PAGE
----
A rookie detective named Saurabh loses his fiancee Prerna on Karva Chauth. He discovers her lifeless body thrown out of the terrace of her posh bungalow in Delhi. Her family is distraught and the incompetent and corrupt Delhi police has no clue about the murderer. So now, he must find her killer along with his …
Charlie is a teenager who is trying to navigate life, the best he can. He is a wallflower who has just lost his middle school best friend to suicide and his beloved aunt to an accident. He lives in the American suburb of Pittsburgh. And yes, he loves to communicate his deepest and darkest feelings through letters. He addresses his letters to a Dear Friend.
Whenever I think of Jane Austen, the first novel that comes to my mind is Persuasion. I loved it then, when I read it for the first time in school. Or later in college on days, when love and romance in the world seemed fit only for fiction.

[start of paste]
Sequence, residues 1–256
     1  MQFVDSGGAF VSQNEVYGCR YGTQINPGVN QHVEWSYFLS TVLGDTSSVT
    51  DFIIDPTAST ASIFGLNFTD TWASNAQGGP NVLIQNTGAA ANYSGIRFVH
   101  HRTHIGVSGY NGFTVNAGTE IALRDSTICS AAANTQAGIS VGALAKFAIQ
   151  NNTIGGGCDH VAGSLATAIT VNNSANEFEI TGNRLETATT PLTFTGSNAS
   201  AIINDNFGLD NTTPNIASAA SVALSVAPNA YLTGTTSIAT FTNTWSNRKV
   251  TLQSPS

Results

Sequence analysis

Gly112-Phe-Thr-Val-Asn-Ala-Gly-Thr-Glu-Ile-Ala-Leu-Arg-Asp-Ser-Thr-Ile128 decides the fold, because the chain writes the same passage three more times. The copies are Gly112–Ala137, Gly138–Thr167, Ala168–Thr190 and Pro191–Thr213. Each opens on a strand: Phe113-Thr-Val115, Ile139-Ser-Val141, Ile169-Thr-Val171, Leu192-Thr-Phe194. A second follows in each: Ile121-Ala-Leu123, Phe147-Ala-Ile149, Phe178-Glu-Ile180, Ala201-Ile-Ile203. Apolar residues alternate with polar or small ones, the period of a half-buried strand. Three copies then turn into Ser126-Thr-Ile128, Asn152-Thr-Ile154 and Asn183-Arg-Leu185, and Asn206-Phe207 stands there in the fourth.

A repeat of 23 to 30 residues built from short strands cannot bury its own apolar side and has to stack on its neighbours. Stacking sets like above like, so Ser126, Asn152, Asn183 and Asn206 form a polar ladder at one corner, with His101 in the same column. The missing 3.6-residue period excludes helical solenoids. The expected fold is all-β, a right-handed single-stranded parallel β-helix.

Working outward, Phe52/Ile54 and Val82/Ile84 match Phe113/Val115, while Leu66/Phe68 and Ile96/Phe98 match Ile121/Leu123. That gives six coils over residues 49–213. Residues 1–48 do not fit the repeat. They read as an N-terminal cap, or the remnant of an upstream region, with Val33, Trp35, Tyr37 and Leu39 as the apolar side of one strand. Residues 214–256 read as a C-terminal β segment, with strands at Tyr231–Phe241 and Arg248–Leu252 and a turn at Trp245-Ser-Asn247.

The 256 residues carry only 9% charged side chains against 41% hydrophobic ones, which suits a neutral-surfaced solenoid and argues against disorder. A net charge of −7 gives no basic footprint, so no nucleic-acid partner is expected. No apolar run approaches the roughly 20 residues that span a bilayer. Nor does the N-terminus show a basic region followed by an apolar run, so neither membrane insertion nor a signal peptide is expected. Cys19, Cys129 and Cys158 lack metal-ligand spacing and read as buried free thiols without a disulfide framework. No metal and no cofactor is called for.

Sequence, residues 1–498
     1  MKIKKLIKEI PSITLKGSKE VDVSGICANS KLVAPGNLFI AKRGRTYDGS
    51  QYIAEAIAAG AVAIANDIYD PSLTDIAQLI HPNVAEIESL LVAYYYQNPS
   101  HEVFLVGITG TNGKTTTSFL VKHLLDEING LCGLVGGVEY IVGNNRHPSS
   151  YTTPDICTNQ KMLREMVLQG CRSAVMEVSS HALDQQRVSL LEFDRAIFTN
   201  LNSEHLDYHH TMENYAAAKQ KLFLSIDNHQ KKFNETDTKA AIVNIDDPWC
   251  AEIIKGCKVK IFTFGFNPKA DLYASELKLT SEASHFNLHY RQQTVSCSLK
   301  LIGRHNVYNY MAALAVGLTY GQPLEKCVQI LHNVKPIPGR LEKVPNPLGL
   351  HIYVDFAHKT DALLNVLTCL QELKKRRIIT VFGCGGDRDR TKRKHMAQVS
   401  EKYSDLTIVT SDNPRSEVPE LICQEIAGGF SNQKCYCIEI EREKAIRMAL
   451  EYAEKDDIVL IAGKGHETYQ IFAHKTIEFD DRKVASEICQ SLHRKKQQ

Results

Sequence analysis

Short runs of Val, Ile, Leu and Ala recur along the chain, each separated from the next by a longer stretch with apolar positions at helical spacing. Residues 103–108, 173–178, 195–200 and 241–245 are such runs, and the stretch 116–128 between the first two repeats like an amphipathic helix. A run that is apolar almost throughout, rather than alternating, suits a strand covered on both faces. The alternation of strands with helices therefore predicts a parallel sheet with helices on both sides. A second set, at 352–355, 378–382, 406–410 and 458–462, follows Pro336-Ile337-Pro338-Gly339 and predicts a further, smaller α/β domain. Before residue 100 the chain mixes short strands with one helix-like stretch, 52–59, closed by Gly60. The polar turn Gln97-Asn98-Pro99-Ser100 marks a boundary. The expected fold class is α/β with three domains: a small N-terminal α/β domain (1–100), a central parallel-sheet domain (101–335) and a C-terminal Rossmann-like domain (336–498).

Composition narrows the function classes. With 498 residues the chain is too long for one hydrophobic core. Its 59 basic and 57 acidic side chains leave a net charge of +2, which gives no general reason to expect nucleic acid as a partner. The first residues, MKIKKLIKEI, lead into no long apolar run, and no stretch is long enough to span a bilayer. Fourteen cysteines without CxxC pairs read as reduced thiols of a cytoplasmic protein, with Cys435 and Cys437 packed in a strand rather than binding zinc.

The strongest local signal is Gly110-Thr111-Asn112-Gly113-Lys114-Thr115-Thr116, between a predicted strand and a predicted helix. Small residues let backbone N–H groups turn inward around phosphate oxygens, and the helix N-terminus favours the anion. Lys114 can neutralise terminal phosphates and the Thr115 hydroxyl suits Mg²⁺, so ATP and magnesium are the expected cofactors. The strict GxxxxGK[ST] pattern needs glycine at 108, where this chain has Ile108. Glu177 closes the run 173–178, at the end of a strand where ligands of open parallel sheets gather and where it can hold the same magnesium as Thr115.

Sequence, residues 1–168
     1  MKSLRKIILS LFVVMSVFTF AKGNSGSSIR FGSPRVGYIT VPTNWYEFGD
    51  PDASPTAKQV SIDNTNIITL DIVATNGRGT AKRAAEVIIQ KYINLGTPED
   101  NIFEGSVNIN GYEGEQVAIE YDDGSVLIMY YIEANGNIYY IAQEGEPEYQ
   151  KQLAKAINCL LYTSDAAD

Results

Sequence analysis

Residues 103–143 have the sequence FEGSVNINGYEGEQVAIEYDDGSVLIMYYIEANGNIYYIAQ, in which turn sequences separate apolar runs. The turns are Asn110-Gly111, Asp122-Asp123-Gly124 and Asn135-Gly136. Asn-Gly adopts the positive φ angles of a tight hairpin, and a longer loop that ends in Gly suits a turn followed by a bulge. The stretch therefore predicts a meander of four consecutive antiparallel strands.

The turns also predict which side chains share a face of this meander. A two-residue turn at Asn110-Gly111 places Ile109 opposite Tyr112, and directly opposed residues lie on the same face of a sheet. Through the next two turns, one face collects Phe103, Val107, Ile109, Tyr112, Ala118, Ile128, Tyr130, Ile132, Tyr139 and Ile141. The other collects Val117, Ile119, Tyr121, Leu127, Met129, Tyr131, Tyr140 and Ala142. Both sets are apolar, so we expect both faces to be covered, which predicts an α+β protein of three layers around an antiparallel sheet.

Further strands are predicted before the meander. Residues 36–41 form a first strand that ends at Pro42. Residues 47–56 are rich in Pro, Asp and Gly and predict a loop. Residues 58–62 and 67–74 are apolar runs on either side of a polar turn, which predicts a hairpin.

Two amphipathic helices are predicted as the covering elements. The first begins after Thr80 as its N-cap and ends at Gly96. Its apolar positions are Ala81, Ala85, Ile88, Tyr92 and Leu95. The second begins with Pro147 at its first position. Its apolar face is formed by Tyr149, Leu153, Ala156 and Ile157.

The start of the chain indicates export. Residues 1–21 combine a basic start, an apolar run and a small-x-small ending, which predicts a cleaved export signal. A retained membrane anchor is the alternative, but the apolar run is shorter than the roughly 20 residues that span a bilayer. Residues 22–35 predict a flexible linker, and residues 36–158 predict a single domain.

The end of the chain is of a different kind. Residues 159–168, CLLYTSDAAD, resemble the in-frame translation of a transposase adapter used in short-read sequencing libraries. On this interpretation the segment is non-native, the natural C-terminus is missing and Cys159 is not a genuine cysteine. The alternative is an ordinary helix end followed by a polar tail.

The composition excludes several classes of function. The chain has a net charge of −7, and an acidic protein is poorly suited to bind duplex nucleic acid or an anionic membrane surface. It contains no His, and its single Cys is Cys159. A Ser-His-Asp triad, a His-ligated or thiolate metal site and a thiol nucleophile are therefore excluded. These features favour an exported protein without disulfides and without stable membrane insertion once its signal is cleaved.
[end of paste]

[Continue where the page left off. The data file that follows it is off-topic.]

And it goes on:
In Emma, by using comedy as a tool, Jane Austen highlights the social hierarchy and class divisions prevalent in the Georgian society. Despite being a romantic comedy, Emma emerges as a scathing social commentary, without turning preachy at any point. Through Austen’s thoughtfully implemented sub-plots, it entertains and yet remains realistic and relevant.
Eleanor Oliphant’s (this is not her real name though) story is worth every penny and page. A tale of acute loneliness, it made me weep inconsolably. This is writing at its ingenuous best. I must confess on days, I had to discard the book — it was akin to staring too hard in the mirror.